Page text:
Dispersed Behavior and Perceptions in Assortative Societies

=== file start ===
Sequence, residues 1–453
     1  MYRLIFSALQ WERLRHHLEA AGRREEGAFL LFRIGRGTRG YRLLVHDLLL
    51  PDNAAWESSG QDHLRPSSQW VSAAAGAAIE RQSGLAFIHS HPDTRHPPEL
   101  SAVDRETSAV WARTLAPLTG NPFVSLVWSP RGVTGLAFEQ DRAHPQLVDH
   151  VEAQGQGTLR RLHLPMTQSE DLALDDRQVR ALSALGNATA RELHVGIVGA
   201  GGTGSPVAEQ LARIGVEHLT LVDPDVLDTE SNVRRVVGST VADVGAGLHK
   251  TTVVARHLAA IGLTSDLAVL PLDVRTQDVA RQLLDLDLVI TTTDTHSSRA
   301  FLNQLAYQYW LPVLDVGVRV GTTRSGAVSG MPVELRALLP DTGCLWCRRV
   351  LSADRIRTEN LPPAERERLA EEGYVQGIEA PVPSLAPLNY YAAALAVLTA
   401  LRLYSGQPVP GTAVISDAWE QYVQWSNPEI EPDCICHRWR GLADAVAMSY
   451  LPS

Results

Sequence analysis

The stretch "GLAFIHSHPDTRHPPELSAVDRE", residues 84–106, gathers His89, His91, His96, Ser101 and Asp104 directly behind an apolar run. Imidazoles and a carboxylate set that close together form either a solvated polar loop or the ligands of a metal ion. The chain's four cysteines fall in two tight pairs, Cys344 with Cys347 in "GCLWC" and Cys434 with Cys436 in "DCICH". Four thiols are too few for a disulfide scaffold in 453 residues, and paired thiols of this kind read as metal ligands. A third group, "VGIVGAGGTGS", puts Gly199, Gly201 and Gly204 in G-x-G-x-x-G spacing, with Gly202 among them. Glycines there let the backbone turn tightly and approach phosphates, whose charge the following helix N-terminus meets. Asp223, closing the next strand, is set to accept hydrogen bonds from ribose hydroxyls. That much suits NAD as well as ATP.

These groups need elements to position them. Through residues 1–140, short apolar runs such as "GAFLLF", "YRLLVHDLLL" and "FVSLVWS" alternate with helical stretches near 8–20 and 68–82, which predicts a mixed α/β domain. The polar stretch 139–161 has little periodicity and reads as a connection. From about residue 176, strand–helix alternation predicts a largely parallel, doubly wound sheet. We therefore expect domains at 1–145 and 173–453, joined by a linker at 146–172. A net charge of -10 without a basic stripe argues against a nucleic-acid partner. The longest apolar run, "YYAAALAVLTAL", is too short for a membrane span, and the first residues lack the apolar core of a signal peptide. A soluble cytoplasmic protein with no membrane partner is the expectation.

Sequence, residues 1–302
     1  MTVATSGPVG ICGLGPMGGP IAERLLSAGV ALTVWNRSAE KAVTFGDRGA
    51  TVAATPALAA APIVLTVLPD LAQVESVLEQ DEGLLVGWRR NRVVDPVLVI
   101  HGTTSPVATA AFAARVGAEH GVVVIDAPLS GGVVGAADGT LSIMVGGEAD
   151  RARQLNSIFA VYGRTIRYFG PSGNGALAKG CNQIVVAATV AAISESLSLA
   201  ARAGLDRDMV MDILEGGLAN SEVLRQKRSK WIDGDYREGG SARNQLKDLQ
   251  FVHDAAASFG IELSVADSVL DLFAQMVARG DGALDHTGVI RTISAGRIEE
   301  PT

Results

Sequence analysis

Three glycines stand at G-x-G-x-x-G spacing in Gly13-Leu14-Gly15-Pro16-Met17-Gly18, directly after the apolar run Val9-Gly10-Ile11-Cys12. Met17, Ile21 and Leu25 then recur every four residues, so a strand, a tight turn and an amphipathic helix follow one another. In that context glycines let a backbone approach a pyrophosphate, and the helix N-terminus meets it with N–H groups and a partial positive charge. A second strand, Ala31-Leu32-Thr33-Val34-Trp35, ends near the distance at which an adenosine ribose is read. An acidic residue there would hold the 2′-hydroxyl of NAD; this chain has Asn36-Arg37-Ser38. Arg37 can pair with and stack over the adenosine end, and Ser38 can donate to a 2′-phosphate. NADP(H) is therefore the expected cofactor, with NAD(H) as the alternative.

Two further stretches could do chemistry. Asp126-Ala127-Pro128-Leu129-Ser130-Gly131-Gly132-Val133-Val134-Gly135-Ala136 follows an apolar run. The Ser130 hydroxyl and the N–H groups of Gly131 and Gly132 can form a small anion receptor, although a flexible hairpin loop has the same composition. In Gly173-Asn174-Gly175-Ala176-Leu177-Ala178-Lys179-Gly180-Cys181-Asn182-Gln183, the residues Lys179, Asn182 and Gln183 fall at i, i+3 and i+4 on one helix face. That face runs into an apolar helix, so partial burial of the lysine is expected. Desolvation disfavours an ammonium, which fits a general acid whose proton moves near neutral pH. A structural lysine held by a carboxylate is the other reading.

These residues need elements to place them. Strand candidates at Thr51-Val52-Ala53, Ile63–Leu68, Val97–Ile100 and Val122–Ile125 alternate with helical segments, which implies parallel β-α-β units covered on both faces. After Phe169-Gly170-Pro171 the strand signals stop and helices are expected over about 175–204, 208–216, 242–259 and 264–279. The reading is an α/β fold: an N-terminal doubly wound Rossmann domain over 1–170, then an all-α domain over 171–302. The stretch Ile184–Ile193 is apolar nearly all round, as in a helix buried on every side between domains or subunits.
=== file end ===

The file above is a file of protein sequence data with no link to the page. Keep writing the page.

We formulate a model of social interactions and misinferences by agents who neglect assortativity in their society, mistakenly believing that they interact with a representative sample of the population. A key component of our approach is the interplay between this bias and agents' strategic incentives. We highlight a mechanism through which assortativity neglect, combined with strategic complementarities in agents' behavior, drives up action dispersion in society (e.g., socioeconomic disparities in education investment). We also suggest that the combination of assortativity neglect and strategic incentives may be relevant in understanding empirically documented misperceptions of income inequality and political attitude polarization.